Throughout this whole process there are a few things that I understand to be different from traditional American funerals. For instance, we aren’t required to wear black. To us a funeral is a celebration rather than a mourning. We celebrate the person’s life and return to Heavenly Father. Instead of the traditional black garb we wear our best Sunday clothing in whatever colors we wish.

We laugh at our funerals as part of the healing process. I’m not talking about anything like the weird Asian laughing classes, no it’s not forced laughter, it’s just that telling jokes and laughing in remembrance is not a faux pas, rather remembering and laughing at funny little things is accepted and expected.

We don’t feel a bitter sadness. It is immensely comforting to know that this is not the last time you will see your loved one. Even at funerals for the young we tend to lean towards joy rather than bitterness. We don’t have the same concept of heaven that traditional Christians do. We believe that we go to a place where we can continue to learn and work when we die. That our purpose isn’t over. It’s more than just lounging around and playing harps, it’s learning more about God’s plan for us and teaching it to others.

I’m sure we don’t have the market cornered on happy funerals, but I’m not lying when I say that most LDS funerals are happy occasions. That’s not to say that we don’t experience the pang of loss, but it is softened by knowledge of Heavenly Father’s Plan. The funeral I just attended was that of a good man. A good man who left a strong legacy of hard work and faith. Knowing what we know, knowing that he is with his Heavenly Parents how can we not rejoice for him in spite of the sadness we feel that we won’t see him again in this life? God be with you until we meet again.


Another Original Song – He Hears You Cry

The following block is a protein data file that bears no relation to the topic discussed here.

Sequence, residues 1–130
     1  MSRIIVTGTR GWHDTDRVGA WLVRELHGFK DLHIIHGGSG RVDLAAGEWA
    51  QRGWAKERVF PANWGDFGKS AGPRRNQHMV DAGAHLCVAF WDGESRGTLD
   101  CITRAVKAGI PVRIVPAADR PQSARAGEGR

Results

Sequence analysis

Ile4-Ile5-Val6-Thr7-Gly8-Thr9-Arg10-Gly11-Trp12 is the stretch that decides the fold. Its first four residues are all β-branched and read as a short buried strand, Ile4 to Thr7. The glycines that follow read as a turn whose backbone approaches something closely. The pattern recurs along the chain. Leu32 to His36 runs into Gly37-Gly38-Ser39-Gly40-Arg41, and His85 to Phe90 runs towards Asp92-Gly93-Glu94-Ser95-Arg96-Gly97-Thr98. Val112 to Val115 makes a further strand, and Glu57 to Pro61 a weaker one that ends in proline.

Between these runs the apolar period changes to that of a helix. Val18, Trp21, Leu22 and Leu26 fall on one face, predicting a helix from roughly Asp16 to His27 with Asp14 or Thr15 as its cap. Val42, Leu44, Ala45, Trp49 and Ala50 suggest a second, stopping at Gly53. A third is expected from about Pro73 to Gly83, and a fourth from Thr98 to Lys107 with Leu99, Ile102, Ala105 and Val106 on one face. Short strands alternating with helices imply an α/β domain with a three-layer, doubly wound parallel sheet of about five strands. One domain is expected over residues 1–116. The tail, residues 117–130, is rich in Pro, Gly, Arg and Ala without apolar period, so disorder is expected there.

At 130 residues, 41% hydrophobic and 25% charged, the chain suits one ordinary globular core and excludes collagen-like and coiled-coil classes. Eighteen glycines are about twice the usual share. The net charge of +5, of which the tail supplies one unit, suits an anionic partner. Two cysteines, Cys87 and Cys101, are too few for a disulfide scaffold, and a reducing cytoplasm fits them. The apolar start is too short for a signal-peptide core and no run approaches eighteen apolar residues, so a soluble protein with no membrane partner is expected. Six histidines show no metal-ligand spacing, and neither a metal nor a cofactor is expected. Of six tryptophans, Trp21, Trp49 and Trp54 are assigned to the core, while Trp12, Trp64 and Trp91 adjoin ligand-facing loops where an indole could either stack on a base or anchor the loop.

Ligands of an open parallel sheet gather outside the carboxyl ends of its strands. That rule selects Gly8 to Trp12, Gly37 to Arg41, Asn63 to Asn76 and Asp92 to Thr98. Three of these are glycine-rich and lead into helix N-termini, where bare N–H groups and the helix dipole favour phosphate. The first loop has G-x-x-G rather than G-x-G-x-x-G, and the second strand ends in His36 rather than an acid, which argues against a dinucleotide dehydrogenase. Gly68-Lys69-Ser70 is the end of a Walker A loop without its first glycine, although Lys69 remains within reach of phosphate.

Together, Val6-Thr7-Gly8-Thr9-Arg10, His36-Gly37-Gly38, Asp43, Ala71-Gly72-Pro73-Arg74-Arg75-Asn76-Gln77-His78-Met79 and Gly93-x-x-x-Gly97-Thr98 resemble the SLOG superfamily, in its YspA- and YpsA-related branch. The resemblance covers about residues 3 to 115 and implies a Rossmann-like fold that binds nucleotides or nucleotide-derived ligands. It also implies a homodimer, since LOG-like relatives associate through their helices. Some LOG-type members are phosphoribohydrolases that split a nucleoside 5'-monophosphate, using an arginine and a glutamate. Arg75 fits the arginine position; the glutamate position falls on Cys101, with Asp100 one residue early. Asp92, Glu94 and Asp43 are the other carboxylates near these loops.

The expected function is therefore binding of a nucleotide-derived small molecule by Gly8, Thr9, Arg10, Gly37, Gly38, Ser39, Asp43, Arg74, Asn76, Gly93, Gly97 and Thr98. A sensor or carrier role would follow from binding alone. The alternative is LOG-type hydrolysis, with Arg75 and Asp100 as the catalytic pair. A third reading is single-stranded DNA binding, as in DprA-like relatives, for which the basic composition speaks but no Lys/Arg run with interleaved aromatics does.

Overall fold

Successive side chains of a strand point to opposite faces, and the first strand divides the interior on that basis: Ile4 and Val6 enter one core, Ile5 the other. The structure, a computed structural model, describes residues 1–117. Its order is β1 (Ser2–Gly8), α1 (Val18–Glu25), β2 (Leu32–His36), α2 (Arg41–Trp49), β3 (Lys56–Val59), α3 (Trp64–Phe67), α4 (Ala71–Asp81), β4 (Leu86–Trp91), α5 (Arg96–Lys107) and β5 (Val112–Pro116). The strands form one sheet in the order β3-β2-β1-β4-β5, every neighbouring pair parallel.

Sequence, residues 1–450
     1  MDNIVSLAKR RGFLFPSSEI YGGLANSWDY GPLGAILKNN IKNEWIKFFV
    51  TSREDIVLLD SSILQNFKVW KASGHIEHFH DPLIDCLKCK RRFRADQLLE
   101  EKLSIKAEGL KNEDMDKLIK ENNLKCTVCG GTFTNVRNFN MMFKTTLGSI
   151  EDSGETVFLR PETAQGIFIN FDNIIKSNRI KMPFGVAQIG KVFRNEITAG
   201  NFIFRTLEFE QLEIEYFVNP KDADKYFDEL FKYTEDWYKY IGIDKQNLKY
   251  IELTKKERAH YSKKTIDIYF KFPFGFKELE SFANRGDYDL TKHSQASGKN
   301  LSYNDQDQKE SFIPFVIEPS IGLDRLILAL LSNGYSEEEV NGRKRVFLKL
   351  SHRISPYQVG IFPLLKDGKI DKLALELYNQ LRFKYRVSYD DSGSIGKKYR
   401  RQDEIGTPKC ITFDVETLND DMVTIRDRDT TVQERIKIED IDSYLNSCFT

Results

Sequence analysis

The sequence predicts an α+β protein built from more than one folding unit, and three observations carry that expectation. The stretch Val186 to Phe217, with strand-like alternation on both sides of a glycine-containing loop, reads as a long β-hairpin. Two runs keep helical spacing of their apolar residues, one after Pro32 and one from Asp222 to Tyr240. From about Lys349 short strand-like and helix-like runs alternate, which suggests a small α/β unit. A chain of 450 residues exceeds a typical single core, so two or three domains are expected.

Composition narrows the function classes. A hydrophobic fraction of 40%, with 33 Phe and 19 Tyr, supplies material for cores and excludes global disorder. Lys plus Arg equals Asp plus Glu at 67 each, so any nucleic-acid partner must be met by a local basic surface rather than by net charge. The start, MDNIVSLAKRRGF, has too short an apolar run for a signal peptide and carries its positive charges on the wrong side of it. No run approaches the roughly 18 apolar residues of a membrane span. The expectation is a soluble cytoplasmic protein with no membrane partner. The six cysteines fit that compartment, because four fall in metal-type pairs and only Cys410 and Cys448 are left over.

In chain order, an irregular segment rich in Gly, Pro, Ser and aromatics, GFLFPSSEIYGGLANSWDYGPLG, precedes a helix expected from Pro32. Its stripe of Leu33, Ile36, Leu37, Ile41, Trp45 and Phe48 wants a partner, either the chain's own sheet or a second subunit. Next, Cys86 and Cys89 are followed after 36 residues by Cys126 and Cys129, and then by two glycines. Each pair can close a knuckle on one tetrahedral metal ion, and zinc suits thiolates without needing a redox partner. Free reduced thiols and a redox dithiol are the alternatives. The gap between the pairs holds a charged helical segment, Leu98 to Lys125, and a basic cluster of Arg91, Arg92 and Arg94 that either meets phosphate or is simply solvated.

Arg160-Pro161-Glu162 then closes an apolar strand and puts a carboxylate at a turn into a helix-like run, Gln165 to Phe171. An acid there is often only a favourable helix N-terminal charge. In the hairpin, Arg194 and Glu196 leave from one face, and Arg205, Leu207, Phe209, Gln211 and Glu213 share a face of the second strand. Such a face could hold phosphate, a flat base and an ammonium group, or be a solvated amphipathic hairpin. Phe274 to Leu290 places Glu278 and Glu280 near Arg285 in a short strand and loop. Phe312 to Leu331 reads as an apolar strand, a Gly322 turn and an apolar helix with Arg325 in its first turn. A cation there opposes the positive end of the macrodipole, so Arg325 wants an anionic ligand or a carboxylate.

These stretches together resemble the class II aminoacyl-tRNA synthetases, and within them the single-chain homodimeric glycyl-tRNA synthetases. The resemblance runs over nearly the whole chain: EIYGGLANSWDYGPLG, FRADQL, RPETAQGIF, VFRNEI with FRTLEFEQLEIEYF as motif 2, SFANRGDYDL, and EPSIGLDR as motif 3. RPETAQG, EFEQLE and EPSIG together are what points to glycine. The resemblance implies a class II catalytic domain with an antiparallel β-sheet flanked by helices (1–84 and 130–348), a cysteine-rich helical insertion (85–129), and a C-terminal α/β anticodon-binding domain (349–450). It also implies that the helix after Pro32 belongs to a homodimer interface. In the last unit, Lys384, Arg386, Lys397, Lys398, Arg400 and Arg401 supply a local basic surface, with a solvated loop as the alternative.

It’s time to post another one of my songs. You would think this would get easier as I continue to share, but it still makes me shake in my boots.

This song is called He Hears You Cry. It was written during the colicy stage when I couldn’t stop my baby’s tears. In the end I just gave up and left it to God. My daughter is now a very happy little girl and she loves when I sing this song to her. I hope that it can help others. Again, sorry for the tinny recording. We do what we can with what we have. :)

Amber may be… sleeping through her pregnancy

Lethargic, worn out, exhausted, pooped, beat, done-in, tired, dragging, burnt out, weary…have I described pregnancy yet? This constant nausea combined with constant lack of energy, it’s like someone stuck me on the Tea cups at Disney World and wouldn’t let me off.

I know I should feel lucky. I can just hear all of those women who have already passed the child bearing age,

“When I was pregnant with my first, I couldn’t leave the house because I was glued to the toilet!”

Well good for you. Knowing that your pregnancies were all worse than mine sure makes me feel better…not!

I feel like I’m sleeping my way through my pregnancy.  I practically live on the couch… feeling sick but knowing that I won’t actually throw-up.

What’s worse is that there don’t seem to be any solutions. I spend most of my waking time at all of the different pregnancy websites and they keep saying I’ll be tired, but just eat healthy and exercise and it might get better. I eat pretty healthy (saltines are healthy right?), and my job involves hiking around the hospital pushing a heavy cart. Apparently it’s not enough.

I’ll have to just take comfort in the fact that I’m growing another human being inside me. It takes a lot of my body’s energy to create this baby, to help it grow all the things it needs.  WTE.com tells me that at ten weeks it’s growing bone and cartilage, little teeth beneath the gums, and at an inch and a half it’s rapidly growing in size. Not to mention I’m still growing the umbilical cord, the lifeline that will eventually feed my baby.

So I’ll have to remember that it’s all worth it, this never ending exhaustion and nausea, because in the end I will hold a beautiful baby in my arms, and my life will change forever.